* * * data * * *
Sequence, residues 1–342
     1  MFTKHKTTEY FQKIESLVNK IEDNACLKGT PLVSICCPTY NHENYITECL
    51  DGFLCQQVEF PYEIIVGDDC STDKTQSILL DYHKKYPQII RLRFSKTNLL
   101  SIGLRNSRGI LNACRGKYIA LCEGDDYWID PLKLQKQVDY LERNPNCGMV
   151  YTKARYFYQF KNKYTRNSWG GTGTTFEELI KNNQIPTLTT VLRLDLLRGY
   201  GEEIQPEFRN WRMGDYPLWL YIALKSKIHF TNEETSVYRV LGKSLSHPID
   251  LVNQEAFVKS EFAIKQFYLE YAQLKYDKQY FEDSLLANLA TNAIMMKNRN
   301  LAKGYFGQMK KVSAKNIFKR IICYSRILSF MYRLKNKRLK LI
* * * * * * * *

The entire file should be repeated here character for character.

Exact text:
Sequence, residues 1–342
     1  MFTKHKTTEY FQKIESLVNK IEDNACLKGT PLVSICCPTY NHENYITECL
    51  DGFLCQQVEF PYEIIVGDDC STDKTQSILL DYHKKYPQII RLRFSKTNLL
   101  SIGLRNSRGI LNACRGKYIA LCEGDDYWID PLKLQKQVDY LERNPNCGMV
   151  YTKARYFYQF KNKYTRNSWG GTGTTFEELI KNNQIPTLTT VLRLDLLRGY
   201  GEEIQPEFRN WRMGDYPLWL YIALKSKIHF TNEETSVYRV LGKSLSHPID
   251  LVNQEAFVKS EFAIKQFYLE YAQLKYDKQY FEDSLLANLA TNAIMMKNRN
   301  LAKGYFGQMK KVSAKNIFKR IICYSRILSF MYRLKNKRLK LI